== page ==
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3 Exercises to Help You Build Bone Strength
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Business Insights for Women
PNC INSIGHTS Magazine Spring/Summer 2014 Issue
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Keep your bones strong - and avoid osteoporosis - with these nutrition and exercise tips.

It doesn't seem quite fair. Not only do women reach, on average, a lower bone-density peak than men during their lifetime, but hormonal changes that occur during menopause speed bone loss, greatly increasing the risk of serious injuries such as hip fractures. The good news is that changes in diet and exercise can help reduce bone loss.

When it comes to diet, the key word is calcium, the most critical mineral for bone mass. The best sources are dairy products and green vegetables. You might also consider taking a calcium supplement, often combined with vitamin D, which helps your body absorb calcium and other minerals. Vitamin D is found in eggs, salmon, sardines, swordfish and some fish oils - and your body makes a certain amount of vitamin D in response to sunlight.

As far as exercise goes, remember that you don't need to be a triathlete to keep your bones in good shape. Incorporate weight-bearing exercise (which exerts force on your bones), such as walking, hiking and dancing into your daily routine, along with balance exercises to prevent falls and fractures. Bone, like muscle, grows in response to stress, so you must progressively and gently increase the challenge to your bones using ankle or wrist weights or exercise bands.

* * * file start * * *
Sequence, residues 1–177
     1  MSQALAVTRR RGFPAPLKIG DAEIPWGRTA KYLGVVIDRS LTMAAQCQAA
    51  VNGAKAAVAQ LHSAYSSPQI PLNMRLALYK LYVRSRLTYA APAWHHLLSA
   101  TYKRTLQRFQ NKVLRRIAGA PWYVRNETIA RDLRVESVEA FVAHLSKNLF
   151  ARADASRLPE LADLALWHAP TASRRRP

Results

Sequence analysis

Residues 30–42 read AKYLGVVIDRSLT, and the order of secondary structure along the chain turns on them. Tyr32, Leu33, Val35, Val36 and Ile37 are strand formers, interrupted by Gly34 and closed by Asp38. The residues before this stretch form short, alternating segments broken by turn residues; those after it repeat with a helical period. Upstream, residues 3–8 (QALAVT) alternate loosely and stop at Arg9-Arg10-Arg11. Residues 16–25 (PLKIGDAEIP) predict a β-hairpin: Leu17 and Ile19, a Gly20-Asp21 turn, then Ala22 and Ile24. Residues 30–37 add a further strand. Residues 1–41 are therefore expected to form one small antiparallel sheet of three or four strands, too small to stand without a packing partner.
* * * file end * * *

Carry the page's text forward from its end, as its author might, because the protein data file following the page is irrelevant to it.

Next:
Here are some simple exercises designed specifically to build a balance of strength in your muscles and bones:

Hip kicks. Stand up and rest your hand on a counter or table for support. Then lift your leg straight out from your hip to the side as far as you can without over-straining. Bring your leg back down and extend out to the back; return and extend the same way to the front. Repeat these movements eight times with each leg.

Head raises. Lie facedown on the floor with a pillow under your pelvis. Anchor your feet under a bed or sofa. Place your arms and hands palm side up along the sides of your body. Now, slowly raise your head and shoulders upward. Slowly lower them. Repeat several times.

Wrist curls. Sit in a chair and support your forearm on your thigh. Let your wrist extend just a little past your knee and let your hand dangle. Place a 16 or 32 oz. can of food in your hand and bring your wrist up so your hand forms a straight line with your forearm. Lower your wrist and repeat. Work at this until you can do the movement about 10 times.

 


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